The Second Amendment Sanctuary movement swept across Virginia in late 2019 and early 2020 as a reaction to Democrats capturing control of the state legislature in the 2019 elections. The vast majority of county governments in the state ended up adopting resolutions or (in some cases) ordinances prohibiting cooperation with enforcing new federal gun control laws, though a few counties chose to pass more watered-down language instead.
That was the case in Surry County, which approved a pro-Second Amendment resolution in December 2019, but didn’t adopt the stronger language that hundreds of residents demanded.
“The Surry County Board of Supervisors feels that the right of citizens to bear arms, as stated in both the United States Constitution and the Virginia Constitution, is a fundamental right that should be protected to the greatest degree possible,” the resolution read. But the term “sanctuary” was never used.
That disappointed many who attended Thursday’s meeting, including the county’s representative in the House of Delegates.
“We attended the board meeting expecting the board to vote on and pass a resolution declaring Surry to be a Second Amendment Sanctuary county,” said county resident Helen Eggleston. “We didn’t get it.”
Eggleston called the resolution “a watered-down imitation of a resolution with no teeth.”
… Del. Emily Brewer, R-Smithfield, whose 64th House District includes Surry and portions of Prince George County, urged the board to declare a sanctuary.
“I know everyone wants to talk about the legality and what a Second Amendment sanctuary resolution may be, well.” Brewer said. “I’ll tell you what, the courts at some point will probably weight in on that; but there are 46 other boards across this commonwealth that have said they want to stand with their citizens, and you have the opportunity to stand with everybody in this room and everyone standing out there in the cold — let them know you support their right to bear arms.”
Brewer said Surry County was “at a crossroads tonight” with the resolution.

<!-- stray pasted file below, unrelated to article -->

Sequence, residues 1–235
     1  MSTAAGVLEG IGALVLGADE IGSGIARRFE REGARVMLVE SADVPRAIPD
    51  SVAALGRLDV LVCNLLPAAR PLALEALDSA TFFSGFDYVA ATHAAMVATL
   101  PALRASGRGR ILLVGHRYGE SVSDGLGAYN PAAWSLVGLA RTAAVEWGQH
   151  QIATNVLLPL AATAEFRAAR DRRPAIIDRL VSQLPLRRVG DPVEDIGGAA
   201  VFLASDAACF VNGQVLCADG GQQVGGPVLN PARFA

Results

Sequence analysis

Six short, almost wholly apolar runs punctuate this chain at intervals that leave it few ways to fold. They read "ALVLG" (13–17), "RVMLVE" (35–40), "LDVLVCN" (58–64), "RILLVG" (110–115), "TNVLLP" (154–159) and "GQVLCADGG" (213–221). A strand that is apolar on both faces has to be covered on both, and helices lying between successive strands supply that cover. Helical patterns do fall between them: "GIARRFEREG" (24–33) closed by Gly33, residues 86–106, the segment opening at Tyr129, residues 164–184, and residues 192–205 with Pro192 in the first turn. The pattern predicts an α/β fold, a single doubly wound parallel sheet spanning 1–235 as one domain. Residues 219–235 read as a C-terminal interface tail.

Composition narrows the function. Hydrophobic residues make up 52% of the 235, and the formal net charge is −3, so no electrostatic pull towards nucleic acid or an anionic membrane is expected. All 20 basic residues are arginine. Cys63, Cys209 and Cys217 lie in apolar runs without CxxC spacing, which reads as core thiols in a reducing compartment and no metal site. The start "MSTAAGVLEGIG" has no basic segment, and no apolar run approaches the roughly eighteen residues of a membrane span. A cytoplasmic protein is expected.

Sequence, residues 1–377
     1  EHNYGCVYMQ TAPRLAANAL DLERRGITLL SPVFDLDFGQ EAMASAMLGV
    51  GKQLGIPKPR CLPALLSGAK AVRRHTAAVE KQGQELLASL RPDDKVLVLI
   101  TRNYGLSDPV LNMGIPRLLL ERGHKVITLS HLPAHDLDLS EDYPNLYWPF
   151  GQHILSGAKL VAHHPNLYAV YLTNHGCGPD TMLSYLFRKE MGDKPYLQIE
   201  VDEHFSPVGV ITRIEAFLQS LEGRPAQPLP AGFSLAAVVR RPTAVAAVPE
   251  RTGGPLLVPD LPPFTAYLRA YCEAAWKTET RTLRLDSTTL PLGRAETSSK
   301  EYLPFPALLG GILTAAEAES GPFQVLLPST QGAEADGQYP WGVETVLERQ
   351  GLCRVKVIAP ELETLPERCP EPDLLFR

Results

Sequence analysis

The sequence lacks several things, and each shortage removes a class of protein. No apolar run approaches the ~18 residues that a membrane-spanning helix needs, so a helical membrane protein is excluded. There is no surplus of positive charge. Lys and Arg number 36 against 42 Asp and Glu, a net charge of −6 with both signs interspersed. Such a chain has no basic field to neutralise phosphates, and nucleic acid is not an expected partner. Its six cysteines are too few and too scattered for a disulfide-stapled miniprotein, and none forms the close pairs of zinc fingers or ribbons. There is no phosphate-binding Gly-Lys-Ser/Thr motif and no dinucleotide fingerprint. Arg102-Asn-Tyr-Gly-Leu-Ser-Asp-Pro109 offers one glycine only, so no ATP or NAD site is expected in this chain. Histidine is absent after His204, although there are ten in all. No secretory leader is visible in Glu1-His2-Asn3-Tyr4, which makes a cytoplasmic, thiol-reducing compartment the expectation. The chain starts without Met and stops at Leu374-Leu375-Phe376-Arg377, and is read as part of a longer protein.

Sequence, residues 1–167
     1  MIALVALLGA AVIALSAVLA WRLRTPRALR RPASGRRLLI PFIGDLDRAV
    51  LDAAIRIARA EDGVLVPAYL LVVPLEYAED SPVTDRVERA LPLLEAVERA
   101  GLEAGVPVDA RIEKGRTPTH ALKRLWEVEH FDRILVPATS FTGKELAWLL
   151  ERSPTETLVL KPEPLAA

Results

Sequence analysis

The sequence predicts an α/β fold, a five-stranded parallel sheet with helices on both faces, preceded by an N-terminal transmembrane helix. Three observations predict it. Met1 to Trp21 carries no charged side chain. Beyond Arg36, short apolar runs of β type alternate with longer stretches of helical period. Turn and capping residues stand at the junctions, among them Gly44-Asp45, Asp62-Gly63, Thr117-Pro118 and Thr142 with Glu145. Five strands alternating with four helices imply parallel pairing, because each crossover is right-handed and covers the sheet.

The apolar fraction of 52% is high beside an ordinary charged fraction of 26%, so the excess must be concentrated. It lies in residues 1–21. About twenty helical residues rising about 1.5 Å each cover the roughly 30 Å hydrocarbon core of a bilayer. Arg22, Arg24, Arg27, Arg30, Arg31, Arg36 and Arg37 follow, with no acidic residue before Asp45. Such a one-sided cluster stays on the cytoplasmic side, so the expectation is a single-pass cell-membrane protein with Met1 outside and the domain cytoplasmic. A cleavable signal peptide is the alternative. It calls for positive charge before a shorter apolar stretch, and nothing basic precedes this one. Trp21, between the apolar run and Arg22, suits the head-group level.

“You have the opportunity to come forward with this resolution, add some teeth to it, and send a message to my colleagues in the General Assembly — let us know where you stand,” Brewer said.
It turns out those Second Amendment supporters who were disappointed by the board’s action in 2019 were right to be concerned. Less than two years after stating that the right to keep and bear arms is fundamental and should be “protected to the greatest degree possible,” county supervisors in Surry are set to vote on a local gun ban in early August. As NRA-ILA reports, the proposed ordinance directly attacks the right to bear arms.
The proposed Section 20-67 prohibits firearms, ammunition, and components in public buildings, public parks, and on public streets and sidewalks where, or adjacent to where, certain events are occurring. There are no exemptions for storage in vehicles or for concealed handgun permit holders. This prohibition applies to both permitted events and events that “would otherwise require a County permit,” making it extremely difficult for law-abiding citizens to determine which areas might be, or might become, “gun-free zones.” Individuals who live in an area where an event is occurring may not enter or leave their own property with a firearm. Because this ban includes “components,” citizens may find themselves in legal trouble for accidentally entering one of these vague “gun-free zones” with something as simple as a shell casing forgotten in a pocket or accidentally left in a vehicle.
The Virginia Citizens Defense League is also urging members to contact the Surry County Board of Supervisors to voice their disapproval of the proposed ordinance, noting that, “While resolutions don’t have the force of law, they do have the force of morality, honor, and trust. The Board of Supervisors effectively made a promise to the citizens of Surry and Virginia to protect our right to keep and bear arms with resolution 2019-38, which passed UNANIMOUSLY. Passing gun control breaks that promise. It’s not illegal, but it is immoral to do so.”
While hundreds of Second Amendment supporters turned out in person to push for a 2A Sanctuary resolution in December of 2019, it looks like opponents of the proposed gun control measure are going to have to attend the August meeting of the county supervisors over their computer. A note on the county’s website says the meetings are “currently held remotely as an effort to safely conduct business while maintaining the order of the Governor of Virginia to adhere to safe social distancing practices,” even though the state of emergency declared by Gov. Ralph Northam expired on July 1st.
Whether in person or online, I hope that all those who backed the idea of a Second Amendment Sanctuary resolution in 2019 show up to voice their objections to the county’s proposed gun ban. These supervisors gave their support for the Second Amendment just a few months ago, and their attempt to now restrict the rights of law-abiding residents shouldn’t go unchallenged.